Marketing drugs or devices to health care providers? The national legal trend is “no more tchotchkes”.

As of today, seven states and the District of Columbia have enacted laws addressing marketing practices of pharmaceutical manufacturers, in terms of gifts and perks provided to their customers. These are California, Maine, Minnesota, Vermont, West Virginia, Nevada and most recently, Massachusetts. Of these, the most recent three, California, Nevada and Massachusetts, include medical device sellers in their proscriptions. While most of the states (DC, West Virginia Maine and Vermont) simply require disclosure, the other states have also included prohibition of certain marketing practices. If we look at the development of these rules over time, we can see a trend to stricter and stricter restrictions on what used to be common marketing practices. We can also see a growing Federal interest in legislation addressing marketing of health care products.

Most of the more recent of these laws are based on the Code published by the Pharmaceutical Research and Manufacturers Association (PhRMA), recently revised, with the new Code effective as of January of this year. ( “”).

By state, here is a summary of what is now law;

Minnesota, since 1993, has had a $50 per physician-per year limit on what any pharmaceutical company can spend. The exceptions are fairly broad, and include payments to the sponsors of medical meetings for educational sessions, and expenses for conference faculty, as long as there are “reasonable”, consulting and investigation for research purposes, presumably, clinical trials. (Minnesota Statutes Chapter 151, section 151.461)

Vermont has a law requiring reporting advertising costs to the State (attorney general’s office), on the books since 2004 and in effect now. The AG will give a summary report to the legislature each year Exemptions are gifts less than $25, grants for conference attendance and CME for students interns and fellows, given to the conference sponsors, free samples for patients, rebates and discounts, ,and payment for conduct of clinical trials (Title 18, chapter 91, section 4632, Vermont Statutes Online)

District of Columbia since 2004 has required manufacturers and labelers to file annual reports of prescription drug marketing expenditures such as advertising and direct promotion, and any expenditure for educational programs, gifts, meals or entertainment over $25 in value, and travel reimbursement for District health care professionals. Clinical trial expenses are exempted, but CME for established practitioners is not mentioned as an exception. The cost of company personnel involved in the promotional activities is included as reportable, as far as the activities relate to promotion within the District. (Division VII, title 48, Subtitle II chapter 8A, Subchapter III, Requirement to disclose prescription drug marketing costs, District of Columbia Code))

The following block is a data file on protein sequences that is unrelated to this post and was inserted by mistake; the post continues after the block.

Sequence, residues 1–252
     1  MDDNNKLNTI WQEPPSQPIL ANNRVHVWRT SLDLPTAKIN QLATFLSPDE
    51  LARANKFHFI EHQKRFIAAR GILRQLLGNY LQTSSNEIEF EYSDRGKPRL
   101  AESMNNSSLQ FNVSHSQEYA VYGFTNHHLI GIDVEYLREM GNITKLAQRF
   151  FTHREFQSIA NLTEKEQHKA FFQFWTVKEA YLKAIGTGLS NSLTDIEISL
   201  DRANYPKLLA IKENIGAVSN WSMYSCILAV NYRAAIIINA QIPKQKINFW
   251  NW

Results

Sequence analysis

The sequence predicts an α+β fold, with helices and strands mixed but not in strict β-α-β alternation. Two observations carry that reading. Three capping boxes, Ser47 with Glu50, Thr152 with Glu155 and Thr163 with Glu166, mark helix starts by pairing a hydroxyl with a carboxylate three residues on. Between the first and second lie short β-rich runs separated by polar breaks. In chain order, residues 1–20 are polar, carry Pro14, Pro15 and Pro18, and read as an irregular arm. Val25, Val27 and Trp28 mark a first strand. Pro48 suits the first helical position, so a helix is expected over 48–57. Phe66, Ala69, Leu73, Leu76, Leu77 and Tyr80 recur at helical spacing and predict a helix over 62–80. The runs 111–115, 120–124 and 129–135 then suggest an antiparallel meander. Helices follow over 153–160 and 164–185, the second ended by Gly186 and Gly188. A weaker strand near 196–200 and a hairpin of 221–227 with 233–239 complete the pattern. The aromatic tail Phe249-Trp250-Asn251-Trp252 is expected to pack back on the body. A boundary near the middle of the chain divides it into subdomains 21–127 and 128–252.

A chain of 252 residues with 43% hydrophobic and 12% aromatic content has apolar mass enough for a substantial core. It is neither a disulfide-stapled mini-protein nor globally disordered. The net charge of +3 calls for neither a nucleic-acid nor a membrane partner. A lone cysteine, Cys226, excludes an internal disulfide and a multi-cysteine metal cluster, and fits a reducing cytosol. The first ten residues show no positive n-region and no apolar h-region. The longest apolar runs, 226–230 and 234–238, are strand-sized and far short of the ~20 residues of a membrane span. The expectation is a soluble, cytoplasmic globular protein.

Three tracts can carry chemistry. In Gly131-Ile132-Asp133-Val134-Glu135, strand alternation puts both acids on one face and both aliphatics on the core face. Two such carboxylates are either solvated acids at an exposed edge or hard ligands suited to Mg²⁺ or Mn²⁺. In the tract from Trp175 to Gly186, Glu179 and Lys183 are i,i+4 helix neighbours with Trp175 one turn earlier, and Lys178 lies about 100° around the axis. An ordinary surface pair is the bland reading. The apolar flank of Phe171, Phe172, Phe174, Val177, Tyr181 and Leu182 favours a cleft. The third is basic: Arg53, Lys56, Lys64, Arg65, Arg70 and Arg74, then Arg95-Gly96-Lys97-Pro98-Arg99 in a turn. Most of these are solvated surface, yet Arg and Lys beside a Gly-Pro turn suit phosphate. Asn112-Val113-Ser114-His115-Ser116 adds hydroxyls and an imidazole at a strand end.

Maine: has had a law on the books since 2003, but tightened up in 2005. Maine requires an annual report to the Department of Health and Welfare which specifically includes all costs associated with marketing and advertising in the state, whatever the media employed, but excludes expenses for national or regional advertising that includes Maine as one target. It also requires reporting of any expenses associated with providing health care professionals with educational and informational programs, all expenses associated with food or, entertainment or gifts more than $25, or provided to an HCP at a discount, and all sample expenses, except free samples for patients. As with DC, the cost of employees engaging in any of these promotional acts is also required to be reported, insofar as the activity reaches Maine. Clinical trials are explicitly exempted, and expense less than $25, and scholarships for attendance given to sponsors of conferences for the sponsor to distribute. The information provided is not publicly available, but summary data is public record. (Title 22, Subtitle 2, Part 5, Chapter 603 Subchapter 3 Profiteering in Prescription Drugs, section 2698-A, Maine Revised Statutes)

West Virginia: since 2004, has a law requiring pharmaceutical companies who make drugs sold in the state, and employ marketing staff or contractors, to report their advertising costs. Content of the report is to be specified by regulation. Specified in the law is that all national advertising, whatever the media, must be reported as it pertains to residents of Maine. Exemptions are patient free samples, clinical trial expenses scholarship support for medical students, residents and fellows to attend conferences. Once again, CME for established practitioners is not explicitly excluded. The report will not be public information. (Chapter 5A subchapter 3c section13, West Virginia Code)